Although the local health sector has been making noticeable strides in the quest to ensure that a wide cross-section of the population remains healthy, there is need for more attention to be directed towards sustaining these gains.
This notion was emphasised by Minister of Health, Dr Bheri Ramsaran.
According to the Minister, despite the evident achievements that have been realised “we are at pains not to be complacent because there are continuous threats of reversals.”
And such developments, Dr Ramsaran said, could be linked for example to patients’ resistance to medication which could be a direct result of them failing to regularly take their medication to treat various ailments.
This, the Minister pointed out, could create a situation whereby the causative agent of a disease being treated can become resistant. And this, he said, has been observed in the treatment of Tuberculosis. This development has created the need for the Ministry to put in place an efficient DOTS programme. Through the DOTS programme workers are dispatched into the fields to reach patients wherever they are.
“This might seem to be a costly addition to the payroll, and policymakers might want to know why, but to be considered is the cost of not doing it,” said the Minister.
He disclosed too that the focused efforts of the Ministry have been instrumental in reducing the incidence of TB even as threats such as malaria, dengue and chagas, among other vector-borne diseases are being controlled.
The Ministry has also been directing much attention to the threat of yet another vector-borne disease, Chikungunya, which has belatedly been found in a number of Caribbean territories in recent times. In its quest to combat vector-borne diseases, the Ministry has been intensifying its measures to monitor and reduce the prevalence of mosquito vectors. Among these efforts has been the procurement of millions of dollars worth in fogging machines.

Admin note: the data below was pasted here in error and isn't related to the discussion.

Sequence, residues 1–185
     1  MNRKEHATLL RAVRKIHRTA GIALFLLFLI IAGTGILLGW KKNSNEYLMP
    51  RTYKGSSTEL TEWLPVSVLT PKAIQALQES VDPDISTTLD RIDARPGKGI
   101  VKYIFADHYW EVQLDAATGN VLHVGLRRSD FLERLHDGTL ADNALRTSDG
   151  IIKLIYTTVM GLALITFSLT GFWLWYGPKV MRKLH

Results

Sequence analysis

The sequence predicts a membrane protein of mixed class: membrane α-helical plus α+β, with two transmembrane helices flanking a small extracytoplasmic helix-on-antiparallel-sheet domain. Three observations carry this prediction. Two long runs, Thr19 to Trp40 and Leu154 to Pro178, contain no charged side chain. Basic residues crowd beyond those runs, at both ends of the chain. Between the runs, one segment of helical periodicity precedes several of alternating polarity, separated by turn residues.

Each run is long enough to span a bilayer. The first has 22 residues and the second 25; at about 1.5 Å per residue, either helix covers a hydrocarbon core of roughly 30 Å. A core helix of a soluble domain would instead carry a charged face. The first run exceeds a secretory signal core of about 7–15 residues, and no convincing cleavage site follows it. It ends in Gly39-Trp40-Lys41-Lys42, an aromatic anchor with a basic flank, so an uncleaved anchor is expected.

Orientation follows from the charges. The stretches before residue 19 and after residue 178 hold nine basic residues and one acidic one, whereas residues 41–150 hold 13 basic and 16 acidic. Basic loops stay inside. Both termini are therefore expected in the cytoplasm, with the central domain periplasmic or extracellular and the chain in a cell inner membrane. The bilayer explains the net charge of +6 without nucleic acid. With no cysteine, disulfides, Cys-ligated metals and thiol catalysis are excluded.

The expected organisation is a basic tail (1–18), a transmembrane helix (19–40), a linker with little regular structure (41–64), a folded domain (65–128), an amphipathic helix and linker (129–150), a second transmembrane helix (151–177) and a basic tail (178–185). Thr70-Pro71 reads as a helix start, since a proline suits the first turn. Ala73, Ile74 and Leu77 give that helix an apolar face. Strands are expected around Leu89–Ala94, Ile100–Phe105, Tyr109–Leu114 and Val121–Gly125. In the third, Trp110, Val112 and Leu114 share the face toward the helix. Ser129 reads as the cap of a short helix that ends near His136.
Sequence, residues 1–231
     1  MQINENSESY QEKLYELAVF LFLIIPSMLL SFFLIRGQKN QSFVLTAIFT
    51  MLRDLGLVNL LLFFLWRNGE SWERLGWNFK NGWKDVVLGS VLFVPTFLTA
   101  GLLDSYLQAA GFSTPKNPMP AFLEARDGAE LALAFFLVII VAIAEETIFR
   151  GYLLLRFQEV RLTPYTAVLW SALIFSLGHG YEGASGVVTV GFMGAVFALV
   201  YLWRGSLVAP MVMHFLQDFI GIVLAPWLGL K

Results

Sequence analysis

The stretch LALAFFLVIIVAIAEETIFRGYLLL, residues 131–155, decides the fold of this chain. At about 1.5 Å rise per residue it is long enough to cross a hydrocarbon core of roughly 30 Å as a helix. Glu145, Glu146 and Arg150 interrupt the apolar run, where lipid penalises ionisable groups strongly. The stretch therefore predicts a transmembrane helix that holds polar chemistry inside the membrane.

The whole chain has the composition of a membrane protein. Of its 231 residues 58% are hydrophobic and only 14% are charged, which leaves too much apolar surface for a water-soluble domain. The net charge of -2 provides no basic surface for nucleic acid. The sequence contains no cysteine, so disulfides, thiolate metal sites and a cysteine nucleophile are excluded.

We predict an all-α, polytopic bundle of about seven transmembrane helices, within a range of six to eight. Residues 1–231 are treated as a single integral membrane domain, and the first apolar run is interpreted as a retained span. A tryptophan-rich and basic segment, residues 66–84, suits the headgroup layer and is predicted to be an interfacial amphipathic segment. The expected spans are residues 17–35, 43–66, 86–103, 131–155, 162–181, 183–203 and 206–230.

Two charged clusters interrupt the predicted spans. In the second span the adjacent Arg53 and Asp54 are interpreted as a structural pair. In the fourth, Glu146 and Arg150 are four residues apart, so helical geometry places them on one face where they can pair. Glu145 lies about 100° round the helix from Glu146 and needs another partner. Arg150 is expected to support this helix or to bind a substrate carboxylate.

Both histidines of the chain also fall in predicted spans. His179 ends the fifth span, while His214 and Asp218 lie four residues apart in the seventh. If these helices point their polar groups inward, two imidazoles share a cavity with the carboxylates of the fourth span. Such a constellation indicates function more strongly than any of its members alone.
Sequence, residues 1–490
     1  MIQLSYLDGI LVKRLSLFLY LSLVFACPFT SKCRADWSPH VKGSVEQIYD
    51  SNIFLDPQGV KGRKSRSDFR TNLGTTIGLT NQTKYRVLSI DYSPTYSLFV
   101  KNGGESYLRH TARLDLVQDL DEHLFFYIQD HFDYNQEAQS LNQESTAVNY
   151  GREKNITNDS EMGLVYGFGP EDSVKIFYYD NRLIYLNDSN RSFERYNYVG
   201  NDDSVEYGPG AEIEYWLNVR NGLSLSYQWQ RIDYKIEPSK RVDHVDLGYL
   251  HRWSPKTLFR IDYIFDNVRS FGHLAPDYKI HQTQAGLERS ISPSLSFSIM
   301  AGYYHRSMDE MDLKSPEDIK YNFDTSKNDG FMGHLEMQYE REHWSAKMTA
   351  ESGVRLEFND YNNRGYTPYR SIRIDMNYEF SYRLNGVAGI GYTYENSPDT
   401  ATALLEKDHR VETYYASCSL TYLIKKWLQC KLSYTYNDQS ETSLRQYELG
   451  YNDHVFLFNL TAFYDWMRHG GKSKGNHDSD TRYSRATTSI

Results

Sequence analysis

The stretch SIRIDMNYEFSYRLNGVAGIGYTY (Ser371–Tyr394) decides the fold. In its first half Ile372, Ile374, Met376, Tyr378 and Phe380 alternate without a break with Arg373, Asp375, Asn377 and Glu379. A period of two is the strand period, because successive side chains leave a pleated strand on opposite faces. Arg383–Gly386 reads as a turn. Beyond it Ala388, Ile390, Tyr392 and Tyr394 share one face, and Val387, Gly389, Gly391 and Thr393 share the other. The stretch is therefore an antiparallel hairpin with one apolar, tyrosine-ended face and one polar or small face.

“Yes we have made progress but at the same time the threats are ever there,” said Dr Ramsaran.
Moreover, the Minister said that efforts are continually being made to advance the Ministry’s efforts, even through continuous training of health workers.
Several Community Health Workers and Medex, according to him, have been trained as Microscopists, to particularly aid the fight against malarial vectors which have for some time posed a threat to the health sector.
Added to this, he disclosed that the Ministry has been sustaining its treated bed net distribution programme. The Ministry has over the years been collaborating with other agencies including the Guyana Defence Force, the Guyana Gold and Diamond Miners Association, among others, in its fight against malaria.
Last year alone some 50,000 of these nets were distributed to at-risk populations, and according to Director of Vector Control Services, Dr Reyaud Rahman, there are plans to distribute even more this year. The vector threat, Dr Rahman had earlier told this publication, is likely to escalate further in light of the ever-occurring climate change situation. As such, he stressed the need for the vector control fight to be sustained, a situation that requires continuous investment.
Moreover, Dr Rahman has vocalised his conviction that “investing in the fight against vector-borne diseases is a wise and necessary investment as we have climate change, apart from other factors, which invariably means that vector habitats will be altered.”
According to him, expansive vector control work is required in light of the increasing number of persons venturing into interior locations to undertake mining, logging and other commercialised activities.
In order to help sustain the achievements that have been made, efforts are continually made by the Health Ministry to ensure that adequate drugs to treat vector-borne diseases are always available. Recently the fight was bolstered by a US$1.2 million Global Fund grant which was lobbied for by the Vector Control Director.
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